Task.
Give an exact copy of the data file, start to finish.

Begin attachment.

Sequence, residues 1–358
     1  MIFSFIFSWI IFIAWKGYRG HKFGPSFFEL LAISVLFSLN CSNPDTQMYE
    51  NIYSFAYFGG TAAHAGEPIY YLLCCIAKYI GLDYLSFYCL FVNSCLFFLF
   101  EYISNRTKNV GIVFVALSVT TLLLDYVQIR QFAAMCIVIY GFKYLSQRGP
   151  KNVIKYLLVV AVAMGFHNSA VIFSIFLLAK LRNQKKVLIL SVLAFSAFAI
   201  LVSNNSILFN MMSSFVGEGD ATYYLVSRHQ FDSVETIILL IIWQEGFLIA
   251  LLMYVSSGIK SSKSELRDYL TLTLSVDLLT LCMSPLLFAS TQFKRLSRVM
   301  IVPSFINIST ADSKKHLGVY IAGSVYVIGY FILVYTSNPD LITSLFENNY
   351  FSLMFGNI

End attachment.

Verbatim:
Sequence, residues 1–358
     1  MIFSFIFSWI IFIAWKGYRG HKFGPSFFEL LAISVLFSLN CSNPDTQMYE
    51  NIYSFAYFGG TAAHAGEPIY YLLCCIAKYI GLDYLSFYCL FVNSCLFFLF
   101  EYISNRTKNV GIVFVALSVT TLLLDYVQIR QFAAMCIVIY GFKYLSQRGP
   151  KNVIKYLLVV AVAMGFHNSA VIFSIFLLAK LRNQKKVLIL SVLAFSAFAI
   201  LVSNNSILFN MMSSFVGEGD ATYYLVSRHQ FDSVETIILL IIWQEGFLIA
   251  LLMYVSSGIK SSKSELRDYL TLTLSVDLLT LCMSPLLFAS TQFKRLSRVM
   301  IVPSFINIST ADSKKHLGVY IAGSVYVIGY FILVYTSNPD LITSLFENNY
   351  FSLMFGNI